The attractiveness of this agreement to the EU, which comes at a cost of several billion euros, is that it may deter refugees from undertaking the dangerous (and politically inconvenient) crossing into Europe. While the European Commission has insisted that the numbers of refugee arrivals has fallen, their assertions are contradicted by aid agencies who point out that the temporary drop in arrivals following the EU-Turkey deal was short-lived. Refugees continue to arrive in large numbers on Chios, to face appalling conditions on reception. Few are returned to Turkey and the promised funding has not yet been provided to Turkey’s satisfaction.

Our experience on Chios was that the EU-Turkey deal is not only not working, it is fundamentally unworkable. Most of the refugees with whom we worked had passed through Turkey on their way to Greece. Almost all had stories of mistreatment in Turkey. In particular, we were told of guards on the Syrian border shooting and wounding at desperate people – including women and small children – attempting to cross into Turkey. Once in Turkey, arbitrary arrest and detention was the norm. Those migrants most likely to be returned to Turkey (because they cannot be returned to their country of origin) are Syrians, for whom Turkey is clearly not a "safe third country". Turkey’s systematic refusal to allow refugees fleeing Syria to cross its border is a clear breach of international law mandating the reception of refugees. Those refugees who manage to slip through into Turkey are left without meaningful protection or support. Kurds are systematically mistreated by the Turkish state while migrants in general face abuse by police, army officials and criminals. Turkey simply is not a safe third country for refugees, as is underlined by the tiny numbers of people found appropriate for return.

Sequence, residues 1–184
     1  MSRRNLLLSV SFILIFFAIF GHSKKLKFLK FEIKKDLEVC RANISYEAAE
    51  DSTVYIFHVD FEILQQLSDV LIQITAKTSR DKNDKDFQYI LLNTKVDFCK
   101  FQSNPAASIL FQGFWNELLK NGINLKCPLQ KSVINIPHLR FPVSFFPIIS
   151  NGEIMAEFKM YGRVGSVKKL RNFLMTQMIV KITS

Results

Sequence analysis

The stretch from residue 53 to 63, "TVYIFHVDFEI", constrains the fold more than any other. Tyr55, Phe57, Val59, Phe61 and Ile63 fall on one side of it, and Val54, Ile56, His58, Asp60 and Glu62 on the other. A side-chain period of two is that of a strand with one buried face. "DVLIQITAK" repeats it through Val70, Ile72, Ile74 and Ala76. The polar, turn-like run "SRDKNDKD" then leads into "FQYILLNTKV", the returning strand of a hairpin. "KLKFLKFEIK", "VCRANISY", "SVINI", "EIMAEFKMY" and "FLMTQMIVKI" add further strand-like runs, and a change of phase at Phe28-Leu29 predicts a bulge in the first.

The EU is seeking to resolve its refugee crisis by returning vulnerable people to inhuman conditions in breach of EU member states’ obligations under international law. The assessments as to whether the refugees are returnable to Turkey, are meaningless. Thousands of refugees are waiting for months for these assessments and yet a tiny minority have been found to be appropriate for return. 

In the meantime, a humanitarian disaster unfolds. The physical and mental health of those trapped in the camps deteriorate. Children are left without schooling or proper protection. Violence breaks out. Self-harm rises. Lives are irreparably damaged. Further delay, for political, economic or legal wrangling, is not an option. As long as the European Union fails to act, it remains complicit in these human rights violations. 

Miranda Butler, Maria Moodie, Bryony Poynor and Saoirse Townshend are barristers who recently volunteered in Chios, providing legal aid to refugees.